Few advocates for education reform and school choice talk about, or even remember, the Alum Rock experiment, which had its birth in the federal Office of Economic Opportunity. But the death of Sargent Shriver gives us a chance to talk about a cause that in many ways is a legacy of the War on Poverty.
Shriver was one of the principal architects of Lyndon Johnson’s War on Poverty, and the Office of Economic Opportunity was his creation. While the OEO had a short life – it was abolished during the Nixon administration in 1973 – many of its antipoverty programs exist today, including Head Start and Job Corps.
What tends to escape notice in the coverage of his death is that the office also embarked on the nation’s first widespread experiment in school choice, more particularly with school vouchers. OEO leaders were looking for ways to make school systems more responsive to the needs of low-income families, and a team led by social scientist Christopher Jencks in 1969 undertook a project that would work to enlist school systems in a field test of vouchers.
Only the Alum Rock Union Elementary School District near San Jose, Calif., agreed to participate (Districts in New York, San Francisco, Seattle and Gary, Ind., showed initial interest before their respective school boards voted against participation). But the school district entered into the experiment cautiously, volunteering to be the educational guinea pig for the OEO but agreeing only to choice within public schools. Private and parochial schools were prohibited from the plan, and the instructional staff was guaranteed continued employment.
The Rand Corporation summed up the birth of the plan for the National Institute of Education:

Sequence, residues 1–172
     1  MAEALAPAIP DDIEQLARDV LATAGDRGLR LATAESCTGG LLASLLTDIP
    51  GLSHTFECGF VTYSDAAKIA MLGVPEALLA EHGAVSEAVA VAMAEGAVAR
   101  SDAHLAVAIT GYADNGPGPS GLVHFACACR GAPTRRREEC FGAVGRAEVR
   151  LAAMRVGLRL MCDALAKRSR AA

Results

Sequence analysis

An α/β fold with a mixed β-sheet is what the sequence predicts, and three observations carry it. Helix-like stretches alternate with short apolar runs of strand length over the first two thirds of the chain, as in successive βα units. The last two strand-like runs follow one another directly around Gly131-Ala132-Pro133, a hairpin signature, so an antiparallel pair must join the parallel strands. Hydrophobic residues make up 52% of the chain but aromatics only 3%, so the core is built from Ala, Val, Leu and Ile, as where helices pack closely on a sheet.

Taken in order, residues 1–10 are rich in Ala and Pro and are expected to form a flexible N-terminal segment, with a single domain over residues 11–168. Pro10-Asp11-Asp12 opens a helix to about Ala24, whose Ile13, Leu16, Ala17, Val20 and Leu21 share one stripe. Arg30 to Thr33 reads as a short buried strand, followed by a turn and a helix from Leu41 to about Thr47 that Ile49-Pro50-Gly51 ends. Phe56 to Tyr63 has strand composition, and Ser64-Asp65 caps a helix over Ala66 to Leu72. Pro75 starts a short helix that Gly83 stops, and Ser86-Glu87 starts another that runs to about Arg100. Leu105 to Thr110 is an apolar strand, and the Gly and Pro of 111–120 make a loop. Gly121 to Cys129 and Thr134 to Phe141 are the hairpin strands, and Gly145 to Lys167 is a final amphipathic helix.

Even with these compromises and modifications, only 6 of the district’s 24 schools decided to take a chance on the demonstration. With so few schools in the demonstration, all similar in curriculum and method, OEO and the district hit upon a way to provide more educational diversity, by having each voucher school offer several programs to choose from. Small groups of teachers at each school joined together to devise these new programs – or mini-schools – 22 of which emerged in the first year. The array of mini-schools was at least roughly the same at each school; diversity and competition were thus largely confined within the walls of the neighborhood school.
The experiment lasted five years, ending in 1977, and school choice advocates today largely see the story of Alum Rock as a failure. “It was so bobtailed that it demonstrated very little,” said Chester E. Finn Jr., Hoover fellow and Fordham Foundation president, writing in his 2008 book, Troublemaker. “Limited to a handful of schools, all public, it was far from a road test for vouchers as Milton Friedman pictured them.”
True. But no other federal or state effort at the time was engaging school districts at this scale and forcing school boards to consider the individual needs of low-income students. Whatever Alum Rock’s constituency was imposing on OEO at the time, the office realized it was Alum Rock or nothing.
During its lifetime, the OEO itself suffered from charges that it was a bureaucratic mess, but it was insightful enough to see that not all schools can work for all children. That’s a common refrain in the choice movement today, and more and more parents are triggering a grassroots call to make schools work better for them.
So today we raise the history of Alum Rock from the footnotes and honor the memory of Sargent Shriver, a school choice pioneer, whether he knew it or not.